Established commitment to ethical trading makes fashion brands more resilient to pandemic

fabric reels

A new study has found that fashion brands with a long-term commitment to ethical trading practices embedded across their business were more resilient to the impacts of the Covid-19 pandemic. 

Funded and published by the Modern Slavery and Human Rights Policy and Evidence Centre (Modern Slavery PEC), the study is a result of research by the University of Leeds and Goa Institute of Management into the management of modern slavery risks in Indian fashion supply chains during the Covid-19 pandemic. 

Modern Slavery PEC was created by the investment of public funding to enhance understanding of modern slavery and transform the effectiveness of law and policies designed to address it. The Centre commissions and co-creates high quality research with a focus on policy impact, and brings together academics, policymakers, businesses, civil society, survivors and the public on a scale not seen before in the UK to collaborate on solving this global challenge. The analysis was underpinned by baseline data gathered across Indian fashion supply chains prior to the pandemic.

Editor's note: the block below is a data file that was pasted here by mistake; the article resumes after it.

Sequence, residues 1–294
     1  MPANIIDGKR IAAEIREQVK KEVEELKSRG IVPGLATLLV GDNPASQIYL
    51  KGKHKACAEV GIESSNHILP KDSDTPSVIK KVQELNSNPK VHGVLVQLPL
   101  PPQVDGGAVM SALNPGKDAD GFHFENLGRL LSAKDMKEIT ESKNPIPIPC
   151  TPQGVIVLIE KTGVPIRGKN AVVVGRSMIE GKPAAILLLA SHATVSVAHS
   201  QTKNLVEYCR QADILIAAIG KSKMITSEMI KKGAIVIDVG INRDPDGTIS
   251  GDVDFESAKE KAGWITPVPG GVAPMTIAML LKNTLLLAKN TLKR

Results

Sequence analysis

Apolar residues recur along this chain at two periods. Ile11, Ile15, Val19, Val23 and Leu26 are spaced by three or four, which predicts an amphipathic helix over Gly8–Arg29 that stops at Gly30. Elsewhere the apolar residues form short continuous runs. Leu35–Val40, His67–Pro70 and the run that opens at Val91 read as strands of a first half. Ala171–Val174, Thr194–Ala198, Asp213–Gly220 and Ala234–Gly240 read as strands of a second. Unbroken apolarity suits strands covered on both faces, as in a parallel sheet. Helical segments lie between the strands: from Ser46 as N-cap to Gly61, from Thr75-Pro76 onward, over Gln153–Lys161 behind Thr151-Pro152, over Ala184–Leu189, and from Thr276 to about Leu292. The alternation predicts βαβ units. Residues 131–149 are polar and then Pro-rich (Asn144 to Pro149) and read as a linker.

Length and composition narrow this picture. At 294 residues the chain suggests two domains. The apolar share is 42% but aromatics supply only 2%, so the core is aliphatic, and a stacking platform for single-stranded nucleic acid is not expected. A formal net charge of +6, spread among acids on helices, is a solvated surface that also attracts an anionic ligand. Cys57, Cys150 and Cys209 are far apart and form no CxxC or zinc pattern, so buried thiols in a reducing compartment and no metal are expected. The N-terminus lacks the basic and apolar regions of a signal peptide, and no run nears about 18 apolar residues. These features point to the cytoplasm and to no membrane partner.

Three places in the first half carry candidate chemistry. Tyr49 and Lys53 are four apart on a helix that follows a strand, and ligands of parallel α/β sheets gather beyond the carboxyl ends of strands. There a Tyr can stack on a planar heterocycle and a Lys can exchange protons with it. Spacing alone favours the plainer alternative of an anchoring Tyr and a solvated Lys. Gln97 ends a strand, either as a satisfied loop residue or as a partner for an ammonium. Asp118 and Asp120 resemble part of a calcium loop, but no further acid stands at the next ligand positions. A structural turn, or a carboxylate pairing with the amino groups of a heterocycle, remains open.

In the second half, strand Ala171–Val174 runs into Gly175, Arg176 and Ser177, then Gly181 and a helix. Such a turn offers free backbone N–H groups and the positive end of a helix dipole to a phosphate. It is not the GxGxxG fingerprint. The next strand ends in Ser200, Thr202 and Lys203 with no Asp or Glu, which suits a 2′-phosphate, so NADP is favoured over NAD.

The research found that Covid-19 had a strong impact, such as job losses and pay cuts, on all tiers of supply chains in the sector, though it was not evenly felt and affected different parts of supply chains at different times. 

Brands, suppliers and others working in Indian fashion supply chains blamed unpredictable demand for an increased likelihood of unauthorised subcontracting, which has associated risks of unethical practices. However, brands with well established ethical trading teams, working with suppliers and in-country ethical personnel, were better equipped to protect people from exploitation, dealing with the loss of sales, reduced turnover and challenges with managing staff.

Strong existing relationships meant brands and suppliers could both better identify common challenges and meet the uncertainties created by the pandemic with greater mutual empathy, understanding and respect. This allowed them to negotiate solutions that were beneficial for both the brands and their suppliers, as the suppliers felt a trusted part of the discussion.

The Research Summary is available at modernslaverypec.org/resources/india-fashion-supply-chains